In one very telling part, Johnson comments on how the secrecy of the Defense Department’s more nefarious programs are preserved: outsourcing. As former Special Forces personnel retire from active duty, they often go to work for, or start up their own, private firms, which then offer their knowledge for sale to foreign governments. This is all done with the blessing of Defense Department officials, who can avoid accountability for this because,
One reason privatization appeals to the Pentagon is that whatever these companies do becomes “proprietary information.” The Pentagon does not even have to classify it; and it becomes private property, information on the activities of such companies is exempt from the Freedom of Information Act. Given the extreme legalism of the American political culture, this is sufficient to shield such companies from public scrutiny, although it would not protect them from the new criminal court.
So there you have it. A runaway bureaucracy that enables oppression and terrorism of foreign peoples, while helping to subsidize a vast military industrial complex, and protecting the world against largely self-manufactured threats. This chapter has been the most powerful so far in demonstrating that blowback is probably the one of the most serious issues faced by America, and will continue to become even more so as we continue our pursuit of empire.
Reading more of this series, "Blogging Through Blowback"
Here is a video clip of Carla Howell, libertarian activist and Chair of the Committee for Small Government, discussing their open letter to the Massachusetts legislature demanding they open the State's books to the public in an easy to access and understand format.
This is very similar to the bill that Representative Tom Brinkman proposed last month here in Ohio, to much acclaim. (Note, the conservative blogosphere is not among his fan base.) HB 420 requires the State to post its finances and expenditures in a very clear format online, so that ordinary citizens can see where the money goes. The only people who would oppose this are people who believe that government should work in a shroud of secrecy. (Like all those Conservatives who believe the activities of the FedGov should remain hidden.)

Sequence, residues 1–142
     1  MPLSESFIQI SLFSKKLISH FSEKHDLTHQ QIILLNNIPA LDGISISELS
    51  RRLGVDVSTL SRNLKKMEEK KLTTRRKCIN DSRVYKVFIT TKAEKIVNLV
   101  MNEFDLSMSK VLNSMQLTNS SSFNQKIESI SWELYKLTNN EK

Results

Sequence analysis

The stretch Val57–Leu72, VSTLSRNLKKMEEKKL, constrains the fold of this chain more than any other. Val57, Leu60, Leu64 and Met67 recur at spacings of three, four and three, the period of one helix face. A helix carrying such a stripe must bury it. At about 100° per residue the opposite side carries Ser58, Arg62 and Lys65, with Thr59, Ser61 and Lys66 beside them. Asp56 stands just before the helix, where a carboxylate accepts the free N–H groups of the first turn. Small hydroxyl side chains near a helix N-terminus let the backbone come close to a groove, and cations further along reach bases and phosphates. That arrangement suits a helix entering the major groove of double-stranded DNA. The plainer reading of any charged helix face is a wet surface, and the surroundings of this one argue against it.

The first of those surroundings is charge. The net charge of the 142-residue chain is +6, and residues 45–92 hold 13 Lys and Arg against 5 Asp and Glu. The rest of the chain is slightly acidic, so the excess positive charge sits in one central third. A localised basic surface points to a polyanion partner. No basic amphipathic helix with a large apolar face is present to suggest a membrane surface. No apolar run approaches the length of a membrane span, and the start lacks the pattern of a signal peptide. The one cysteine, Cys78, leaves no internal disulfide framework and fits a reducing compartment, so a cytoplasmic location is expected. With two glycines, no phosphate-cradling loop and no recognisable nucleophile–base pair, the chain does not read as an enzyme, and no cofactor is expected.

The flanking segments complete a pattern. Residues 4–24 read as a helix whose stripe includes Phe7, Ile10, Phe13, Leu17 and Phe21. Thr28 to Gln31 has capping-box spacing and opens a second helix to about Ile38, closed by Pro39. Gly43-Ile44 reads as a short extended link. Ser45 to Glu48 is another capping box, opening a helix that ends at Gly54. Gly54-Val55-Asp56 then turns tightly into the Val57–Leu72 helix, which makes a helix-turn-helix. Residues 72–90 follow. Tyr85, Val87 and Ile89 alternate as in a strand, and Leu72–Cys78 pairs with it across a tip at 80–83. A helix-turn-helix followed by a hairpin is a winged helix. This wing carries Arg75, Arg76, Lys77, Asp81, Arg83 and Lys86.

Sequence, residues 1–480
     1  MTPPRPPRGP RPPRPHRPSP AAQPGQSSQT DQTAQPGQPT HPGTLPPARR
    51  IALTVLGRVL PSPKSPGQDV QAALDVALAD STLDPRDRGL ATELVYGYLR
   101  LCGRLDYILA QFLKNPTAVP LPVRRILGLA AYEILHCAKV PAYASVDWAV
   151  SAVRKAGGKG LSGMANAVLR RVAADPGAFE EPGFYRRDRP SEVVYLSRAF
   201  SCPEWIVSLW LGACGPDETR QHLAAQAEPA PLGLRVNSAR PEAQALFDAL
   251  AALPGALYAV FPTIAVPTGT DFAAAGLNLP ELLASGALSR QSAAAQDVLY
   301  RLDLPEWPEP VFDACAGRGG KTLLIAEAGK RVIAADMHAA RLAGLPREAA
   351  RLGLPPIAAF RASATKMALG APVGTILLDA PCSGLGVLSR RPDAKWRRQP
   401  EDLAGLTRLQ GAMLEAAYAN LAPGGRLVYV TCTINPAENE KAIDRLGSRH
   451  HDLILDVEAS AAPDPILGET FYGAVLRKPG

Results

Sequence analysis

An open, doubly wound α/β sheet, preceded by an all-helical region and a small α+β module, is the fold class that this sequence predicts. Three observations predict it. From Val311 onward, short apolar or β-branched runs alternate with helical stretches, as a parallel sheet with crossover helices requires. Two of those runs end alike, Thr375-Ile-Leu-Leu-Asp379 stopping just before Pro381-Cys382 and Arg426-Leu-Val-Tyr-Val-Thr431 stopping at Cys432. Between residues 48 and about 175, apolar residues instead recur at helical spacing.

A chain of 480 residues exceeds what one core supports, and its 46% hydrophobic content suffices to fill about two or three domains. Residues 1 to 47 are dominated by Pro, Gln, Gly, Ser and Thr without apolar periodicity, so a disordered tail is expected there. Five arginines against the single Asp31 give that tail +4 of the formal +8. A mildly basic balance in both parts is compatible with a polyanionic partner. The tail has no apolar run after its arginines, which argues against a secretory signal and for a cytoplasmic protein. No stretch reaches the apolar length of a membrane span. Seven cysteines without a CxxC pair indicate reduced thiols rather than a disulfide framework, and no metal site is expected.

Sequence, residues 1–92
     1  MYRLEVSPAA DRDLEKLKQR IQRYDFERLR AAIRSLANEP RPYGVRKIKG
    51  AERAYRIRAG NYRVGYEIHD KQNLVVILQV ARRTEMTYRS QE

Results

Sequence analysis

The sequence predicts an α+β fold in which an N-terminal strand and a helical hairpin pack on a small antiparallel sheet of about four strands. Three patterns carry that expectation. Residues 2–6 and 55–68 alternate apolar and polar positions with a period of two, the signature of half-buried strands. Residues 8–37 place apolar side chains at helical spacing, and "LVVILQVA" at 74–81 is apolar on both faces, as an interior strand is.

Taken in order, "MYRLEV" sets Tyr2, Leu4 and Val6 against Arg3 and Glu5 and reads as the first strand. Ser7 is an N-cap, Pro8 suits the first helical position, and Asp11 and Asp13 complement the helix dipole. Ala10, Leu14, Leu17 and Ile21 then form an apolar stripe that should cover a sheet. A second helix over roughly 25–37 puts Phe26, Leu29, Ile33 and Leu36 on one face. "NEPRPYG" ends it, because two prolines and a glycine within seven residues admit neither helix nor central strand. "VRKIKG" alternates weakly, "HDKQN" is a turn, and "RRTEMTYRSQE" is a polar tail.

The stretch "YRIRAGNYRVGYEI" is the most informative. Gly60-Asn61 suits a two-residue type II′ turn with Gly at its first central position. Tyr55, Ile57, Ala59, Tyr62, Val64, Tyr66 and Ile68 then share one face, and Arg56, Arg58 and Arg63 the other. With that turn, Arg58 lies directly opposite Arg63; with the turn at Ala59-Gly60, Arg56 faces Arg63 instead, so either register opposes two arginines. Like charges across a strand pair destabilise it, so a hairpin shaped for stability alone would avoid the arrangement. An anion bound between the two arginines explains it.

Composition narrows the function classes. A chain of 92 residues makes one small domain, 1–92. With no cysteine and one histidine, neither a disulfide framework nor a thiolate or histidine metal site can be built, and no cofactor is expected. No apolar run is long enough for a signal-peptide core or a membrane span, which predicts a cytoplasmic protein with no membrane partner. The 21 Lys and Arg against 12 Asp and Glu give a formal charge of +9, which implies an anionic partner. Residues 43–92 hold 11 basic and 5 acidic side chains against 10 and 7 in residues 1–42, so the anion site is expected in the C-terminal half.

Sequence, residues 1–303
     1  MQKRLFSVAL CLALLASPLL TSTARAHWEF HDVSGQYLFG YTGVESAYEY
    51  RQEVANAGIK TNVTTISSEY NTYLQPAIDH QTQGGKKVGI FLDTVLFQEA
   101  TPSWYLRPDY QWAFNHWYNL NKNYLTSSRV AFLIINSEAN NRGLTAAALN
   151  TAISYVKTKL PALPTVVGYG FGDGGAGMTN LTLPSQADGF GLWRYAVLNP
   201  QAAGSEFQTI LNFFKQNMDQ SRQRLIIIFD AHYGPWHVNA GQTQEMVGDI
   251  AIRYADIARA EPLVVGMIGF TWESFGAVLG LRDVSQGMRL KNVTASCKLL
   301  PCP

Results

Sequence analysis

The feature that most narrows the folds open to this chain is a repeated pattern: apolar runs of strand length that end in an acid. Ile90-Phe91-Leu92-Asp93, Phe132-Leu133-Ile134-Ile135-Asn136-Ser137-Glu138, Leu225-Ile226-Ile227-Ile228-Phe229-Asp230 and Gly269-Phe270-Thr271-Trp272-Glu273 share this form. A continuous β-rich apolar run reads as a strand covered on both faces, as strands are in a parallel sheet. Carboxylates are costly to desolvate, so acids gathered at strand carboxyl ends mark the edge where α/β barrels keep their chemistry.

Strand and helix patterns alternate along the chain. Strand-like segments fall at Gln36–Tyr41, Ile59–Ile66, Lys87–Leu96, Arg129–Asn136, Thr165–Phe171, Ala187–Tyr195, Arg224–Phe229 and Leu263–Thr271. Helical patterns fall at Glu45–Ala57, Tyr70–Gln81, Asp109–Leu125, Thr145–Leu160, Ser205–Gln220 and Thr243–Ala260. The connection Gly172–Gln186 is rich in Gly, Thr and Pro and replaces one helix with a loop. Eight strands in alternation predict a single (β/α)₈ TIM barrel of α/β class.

Also note, the Committee is sponsoring a ballot initiative to repeal that state's income tax. When they tried this 6 years ago, it got almost 45% of the vote. Imagine that, the residents of TAX-achusetts almost voted to END their income tax. What do you think if the same question was posed here in Ohio, which is theoretically more fiscally conservative?
The thing is...Activists in the Libertarian Party of Ohio will be working on a similar initiative in the coming months to kill the income tax, which they've humorously labeled the "R.I.P" (Repeal the Income tax Petition).
I wonder if Conservatives will stand in the way of this. My bet is, of course they will. Since when can you count on Republicans do actually act in a manner consistent with their stated principles?
One of my favorite libertarian writers/thinkers is Lew Rockwell. The guy is able to put our state of affairs into such stark, clear perspective, its hard to make a serious case for things like war, inflation, taxation, and such. His articles have always inspired me, and I often wish I had 1/100th of his skill at writing.
Ron Paul discusses the continued destruction of the American dollar on the Fox Business Channel.
Ron Paul knows his stuff. Yet, this is the guy who Conservatives reject on the grounds that he would jeopardize American security and continued global hegemony. The real irony is the Imperial agenda that these War-lovers advocate is what will ultimately spell the complete destruction of America. Hopefully, we can wake up before that day comes.